“Woman (music) composer” is even more rare than “women programmer”

August 15, 2013 at 1:01 am 8 comments

In September, I’m going to Dagstuhl for a workshop on “Collaboration and Learning through Livecoding.”  It’s mostly people who “livecode” in the musical sense and put on “AlgoRaves“, but will also include people who talk about “livecoding” in the CS education sense.  I’m really looking forward to it.

But I was surprised when I looked at the list of attendees: There is only one woman that I can identify by name.  I figured that music would be a more welcoming community than computer science, so there would be lots of women coming to livecoding from the music side.  I asked my colleague, Jason Freeman, in GT’s School of Music, who told me that music composition is even more male than computer science!  He told me about the NYTimes piece (linked below) that talks about the severe gender disparity in music composition.  Jason said that GT’s Masters in Music Technology program has had 60-70 graduates so far — and only six women cumulatively (across all years).

Why is that?  What’s common about music composition and computer programming that both careers would have so few women, when fields like medicine, law, and veterinary science used to be male-dominated but are now more gender-balanced?

Kirsten acknowledged that women have had an agonizingly difficult time gaining a creative foothold in classical music, whose repertory is male-dominated to a stifling degree. But, in light of the international renown of such figures as Kaija Saariaho, Unsuk Chin, and Sofia Gubaidulina, she argued that the “woman composer” no longer required special pleading or affirmative action. “Neither art nor artist is served by segregation—even if it’s well intended,” Kirsten wrote. Rather than going out of their way to boost female composers, she suggested, programmers should embrace only works that speak to them strongly, trusting that women will continue to advance.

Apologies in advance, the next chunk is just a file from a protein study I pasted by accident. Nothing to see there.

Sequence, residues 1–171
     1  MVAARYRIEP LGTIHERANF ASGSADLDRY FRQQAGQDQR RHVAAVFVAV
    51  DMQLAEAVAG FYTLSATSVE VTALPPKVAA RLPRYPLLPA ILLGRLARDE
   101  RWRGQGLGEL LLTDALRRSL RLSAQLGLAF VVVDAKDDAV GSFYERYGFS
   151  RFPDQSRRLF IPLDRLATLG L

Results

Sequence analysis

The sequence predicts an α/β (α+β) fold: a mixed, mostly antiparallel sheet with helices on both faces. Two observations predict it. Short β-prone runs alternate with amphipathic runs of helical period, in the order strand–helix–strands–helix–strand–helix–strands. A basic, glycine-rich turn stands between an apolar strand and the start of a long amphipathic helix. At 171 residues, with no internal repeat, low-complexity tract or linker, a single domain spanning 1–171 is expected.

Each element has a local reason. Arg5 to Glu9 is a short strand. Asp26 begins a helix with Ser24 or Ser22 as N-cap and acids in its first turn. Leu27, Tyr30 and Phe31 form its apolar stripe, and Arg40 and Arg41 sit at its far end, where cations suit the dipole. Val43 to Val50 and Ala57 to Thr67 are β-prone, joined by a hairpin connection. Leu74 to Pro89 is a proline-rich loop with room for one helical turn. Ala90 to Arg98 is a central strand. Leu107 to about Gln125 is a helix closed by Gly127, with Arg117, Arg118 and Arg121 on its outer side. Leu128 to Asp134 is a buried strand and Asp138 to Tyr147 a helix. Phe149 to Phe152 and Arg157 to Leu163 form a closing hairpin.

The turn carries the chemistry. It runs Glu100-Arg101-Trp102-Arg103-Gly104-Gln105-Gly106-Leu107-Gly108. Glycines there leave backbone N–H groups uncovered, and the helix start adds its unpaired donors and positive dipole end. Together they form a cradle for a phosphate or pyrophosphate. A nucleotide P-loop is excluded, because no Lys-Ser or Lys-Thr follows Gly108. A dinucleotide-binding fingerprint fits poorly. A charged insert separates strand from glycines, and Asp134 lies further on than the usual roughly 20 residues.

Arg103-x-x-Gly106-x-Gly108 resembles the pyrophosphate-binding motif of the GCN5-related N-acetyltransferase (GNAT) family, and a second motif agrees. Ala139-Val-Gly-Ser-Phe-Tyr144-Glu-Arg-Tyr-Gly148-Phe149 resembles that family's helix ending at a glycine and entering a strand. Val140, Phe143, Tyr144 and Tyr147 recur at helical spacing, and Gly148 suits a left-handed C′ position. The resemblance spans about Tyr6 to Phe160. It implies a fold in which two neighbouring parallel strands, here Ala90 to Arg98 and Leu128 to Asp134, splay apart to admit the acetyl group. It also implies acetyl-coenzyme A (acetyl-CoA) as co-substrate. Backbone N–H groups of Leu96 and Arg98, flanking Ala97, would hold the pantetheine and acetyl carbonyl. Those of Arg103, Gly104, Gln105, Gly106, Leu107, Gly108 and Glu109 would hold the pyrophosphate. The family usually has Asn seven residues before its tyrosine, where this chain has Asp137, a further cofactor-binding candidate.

via Alex Ross: Female Composers Edge Forward : The New Yorker.

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Experiences with Media Computation at U. Adelaide Computer Scientists: do outreach or your science dies

8 Comments Add your own

  • 1. yaxu  |  August 15, 2013 at 2:45 am

    Hi Mark,